Susan Dansby: What was the process when you got the role of Maureen? [Reardon] U.S Guide light? Did you have to audition?
Ellen Dolan: Yes, of course I auditioned for that. That came out of nowhere. I was only in New York for about a year, and had tried out for another role in Another world. And I think I tried something on Ryan’s Hope.
So this came up and I was learning from the beginning: you go, you do it, you drop it at the door.
Susan Dansby: Right.
Ellen Dolan: But you never do. You say that to yourself, but you never do. And I remember it was like the tenth day. They had ten days for people to know. And it was the tenth day. And it was also when they had answering services, where you call every ten minutes and they say, “Nothing else, Ellen.”
So I stopped calling, because it was the last day.
And I got home that night, and the agent had stayed late at the office, because I lived very, very up, in the upper part of Manhattan, and finally, they called me and they called me and they said, “He booked it. “.
And I started crying, just because, it wasn’t like it was a relief. My next thought was, “Well that was easy. What else do I have to do before I become a movie star?” It was that kind of young thinking.
And then it was just, ‘come and sign the contracts,’ and ‘come and take your measurements,’ and ‘let’s take you shopping.’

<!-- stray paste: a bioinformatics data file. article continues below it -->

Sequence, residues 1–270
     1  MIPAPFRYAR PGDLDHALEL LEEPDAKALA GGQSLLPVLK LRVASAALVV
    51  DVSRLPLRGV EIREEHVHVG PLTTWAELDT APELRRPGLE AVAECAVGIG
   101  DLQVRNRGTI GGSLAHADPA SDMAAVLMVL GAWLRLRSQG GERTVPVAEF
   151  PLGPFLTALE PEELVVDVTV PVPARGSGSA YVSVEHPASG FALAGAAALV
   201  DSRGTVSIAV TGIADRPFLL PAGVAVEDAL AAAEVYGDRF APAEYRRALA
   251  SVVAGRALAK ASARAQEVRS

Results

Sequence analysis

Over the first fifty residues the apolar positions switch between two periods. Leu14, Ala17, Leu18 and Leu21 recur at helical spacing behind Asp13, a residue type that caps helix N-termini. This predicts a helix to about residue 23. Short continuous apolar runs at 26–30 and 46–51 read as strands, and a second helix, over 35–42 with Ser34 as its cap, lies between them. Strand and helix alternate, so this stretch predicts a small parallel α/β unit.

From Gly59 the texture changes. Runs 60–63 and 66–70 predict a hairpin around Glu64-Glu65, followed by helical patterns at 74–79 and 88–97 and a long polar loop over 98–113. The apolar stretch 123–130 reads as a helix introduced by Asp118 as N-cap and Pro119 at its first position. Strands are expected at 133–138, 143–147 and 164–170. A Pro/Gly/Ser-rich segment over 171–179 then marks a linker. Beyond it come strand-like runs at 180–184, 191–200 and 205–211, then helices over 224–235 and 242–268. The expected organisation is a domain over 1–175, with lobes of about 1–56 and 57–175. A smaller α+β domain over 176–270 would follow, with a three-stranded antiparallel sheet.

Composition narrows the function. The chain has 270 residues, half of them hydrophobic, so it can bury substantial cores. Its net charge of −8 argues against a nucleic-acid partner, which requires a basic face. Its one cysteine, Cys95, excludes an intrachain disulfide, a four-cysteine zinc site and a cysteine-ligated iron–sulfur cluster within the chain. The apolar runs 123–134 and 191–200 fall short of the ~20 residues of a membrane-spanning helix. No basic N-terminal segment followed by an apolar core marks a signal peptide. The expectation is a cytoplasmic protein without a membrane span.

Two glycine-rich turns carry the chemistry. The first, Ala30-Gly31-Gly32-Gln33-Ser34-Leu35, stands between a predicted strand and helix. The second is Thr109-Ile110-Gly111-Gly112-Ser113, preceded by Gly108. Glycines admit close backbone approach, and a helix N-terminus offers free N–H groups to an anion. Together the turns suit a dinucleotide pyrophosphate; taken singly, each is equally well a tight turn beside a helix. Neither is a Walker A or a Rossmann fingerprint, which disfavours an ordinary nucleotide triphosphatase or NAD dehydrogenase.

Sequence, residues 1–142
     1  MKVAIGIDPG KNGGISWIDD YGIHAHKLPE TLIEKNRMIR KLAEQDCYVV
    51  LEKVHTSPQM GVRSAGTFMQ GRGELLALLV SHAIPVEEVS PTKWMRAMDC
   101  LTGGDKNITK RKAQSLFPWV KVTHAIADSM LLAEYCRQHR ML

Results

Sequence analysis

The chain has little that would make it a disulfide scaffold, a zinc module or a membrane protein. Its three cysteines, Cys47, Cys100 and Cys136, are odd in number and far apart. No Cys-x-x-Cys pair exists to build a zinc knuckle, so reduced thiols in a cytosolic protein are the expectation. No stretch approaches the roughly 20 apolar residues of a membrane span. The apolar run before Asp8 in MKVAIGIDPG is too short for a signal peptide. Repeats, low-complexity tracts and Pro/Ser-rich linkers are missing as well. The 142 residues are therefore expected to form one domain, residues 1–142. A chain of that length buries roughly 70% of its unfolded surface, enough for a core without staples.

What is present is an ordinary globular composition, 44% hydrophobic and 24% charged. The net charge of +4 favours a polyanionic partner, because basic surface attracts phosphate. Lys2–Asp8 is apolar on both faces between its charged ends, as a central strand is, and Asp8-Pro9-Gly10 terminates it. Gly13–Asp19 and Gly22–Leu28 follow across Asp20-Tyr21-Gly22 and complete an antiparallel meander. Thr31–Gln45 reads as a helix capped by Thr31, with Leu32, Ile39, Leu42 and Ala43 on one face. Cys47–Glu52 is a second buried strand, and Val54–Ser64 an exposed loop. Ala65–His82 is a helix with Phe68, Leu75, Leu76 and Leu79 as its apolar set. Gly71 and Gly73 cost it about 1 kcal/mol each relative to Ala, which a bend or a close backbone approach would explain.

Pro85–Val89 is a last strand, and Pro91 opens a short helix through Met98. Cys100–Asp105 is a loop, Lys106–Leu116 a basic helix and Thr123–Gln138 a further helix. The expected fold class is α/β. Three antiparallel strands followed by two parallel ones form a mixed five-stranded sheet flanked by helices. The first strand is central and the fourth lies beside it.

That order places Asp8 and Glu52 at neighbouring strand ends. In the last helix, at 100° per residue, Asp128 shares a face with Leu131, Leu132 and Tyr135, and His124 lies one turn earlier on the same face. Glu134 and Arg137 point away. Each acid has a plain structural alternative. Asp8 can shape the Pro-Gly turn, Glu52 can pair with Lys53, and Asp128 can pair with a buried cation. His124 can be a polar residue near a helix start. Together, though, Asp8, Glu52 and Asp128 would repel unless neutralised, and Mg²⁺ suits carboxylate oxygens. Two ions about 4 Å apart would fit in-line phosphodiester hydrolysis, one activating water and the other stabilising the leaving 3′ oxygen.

Now, of course, he hadn’t even traveled above ground in Manhattan yet. I lived in Inwood [north of Manhattan], and I kept my last five dollars. And this came just in time. In fact, when it started, I had to borrow money from the casting director, Betty Rea.
Susan Dansby: Oh, I loved Betty Rea!
Ellen Dolan: He loved Betty Rea so much. And this is a good transition. Now, there were the great ladies.
The other person who helped me a lot when I moved to New York was Shirley Rich. And she just passed away, I think, this past year. She was a casting director who did Kramer vs. Kramer – things like that.
She was an alumnus, alumnus from Iowa. And she used to come back and do workshops with us. And she said, “When you get to New York, that’s how you do it. You read at a desk. And blah, blah, blah, blah, blah.” And then I was a little prepared for all of that. And she said, “And when you get there, call me and I’ll tell you what to do.”
Well, I got to New York; And about 15 minutes after arriving in New York, I got a phone call from the Milwaukee Representative asking if I was going to do Katrin in Mother courage. And I said, “Oh, I can’t afford to go back to the Midwest. I just moved here.”
They had to call me back and say, “Okay, you …”
It was so stupid. I’ve had stupid, stupid luck all my life. I really have. And starting during the day was a big part of that. Great, wonderful, stupid, and dumb luck.
I had prepared myself for it. I wanted to do, not only during the day, but I wanted to do Guide light. And he wanted to be a Reardon.
Susan Dansby: Woof.
Ellen Dolan: Because I thought it would probably be a good place for me and a good training ground. And in a year I got it.
So when I quit, I quit because I thought, ‘You know, I came here to do theater. So I should stop doing television and start doing theater. ‘